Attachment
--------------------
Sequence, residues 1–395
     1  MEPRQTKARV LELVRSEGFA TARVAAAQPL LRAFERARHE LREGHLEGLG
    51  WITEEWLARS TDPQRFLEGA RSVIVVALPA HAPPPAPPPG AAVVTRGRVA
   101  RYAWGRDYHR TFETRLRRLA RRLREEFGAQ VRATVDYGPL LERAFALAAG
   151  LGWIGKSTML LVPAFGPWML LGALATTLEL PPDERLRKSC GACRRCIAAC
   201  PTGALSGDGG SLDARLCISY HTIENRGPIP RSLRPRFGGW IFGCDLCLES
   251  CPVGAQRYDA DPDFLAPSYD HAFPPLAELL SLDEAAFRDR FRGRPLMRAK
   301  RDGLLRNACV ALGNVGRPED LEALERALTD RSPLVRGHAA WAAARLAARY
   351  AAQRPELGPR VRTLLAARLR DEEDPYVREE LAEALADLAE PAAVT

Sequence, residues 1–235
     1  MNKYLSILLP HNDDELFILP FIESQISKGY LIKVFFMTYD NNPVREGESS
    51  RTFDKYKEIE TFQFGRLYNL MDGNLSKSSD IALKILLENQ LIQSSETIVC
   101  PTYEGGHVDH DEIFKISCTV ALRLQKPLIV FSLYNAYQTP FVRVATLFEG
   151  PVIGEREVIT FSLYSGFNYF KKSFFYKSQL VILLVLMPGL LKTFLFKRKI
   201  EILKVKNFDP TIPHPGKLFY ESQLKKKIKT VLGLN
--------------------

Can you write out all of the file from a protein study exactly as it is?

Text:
Sequence, residues 1–395
     1  MEPRQTKARV LELVRSEGFA TARVAAAQPL LRAFERARHE LREGHLEGLG
    51  WITEEWLARS TDPQRFLEGA RSVIVVALPA HAPPPAPPPG AAVVTRGRVA
   101  RYAWGRDYHR TFETRLRRLA RRLREEFGAQ VRATVDYGPL LERAFALAAG
   151  LGWIGKSTML LVPAFGPWML LGALATTLEL PPDERLRKSC GACRRCIAAC
   201  PTGALSGDGG SLDARLCISY HTIENRGPIP RSLRPRFGGW IFGCDLCLES
   251  CPVGAQRYDA DPDFLAPSYD HAFPPLAELL SLDEAAFRDR FRGRPLMRAK
   301  RDGLLRNACV ALGNVGRPED LEALERALTD RSPLVRGHAA WAAARLAARY
   351  AAQRPELGPR VRTLLAARLR DEEDPYVREE LAEALADLAE PAAVT

Sequence, residues 1–235
     1  MNKYLSILLP HNDDELFILP FIESQISKGY LIKVFFMTYD NNPVREGESS
    51  RTFDKYKEIE TFQFGRLYNL MDGNLSKSSD IALKILLENQ LIQSSETIVC
   101  PTYEGGHVDH DEIFKISCTV ALRLQKPLIV FSLYNAYQTP FVRVATLFEG
   151  PVIGEREVIT FSLYSGFNYF KKSFFYKSQL VILLVLMPGL LKTFLFKRKI
   201  EILKVKNFDP TIPHPGKLFY ESQLKKKIKT VLGLN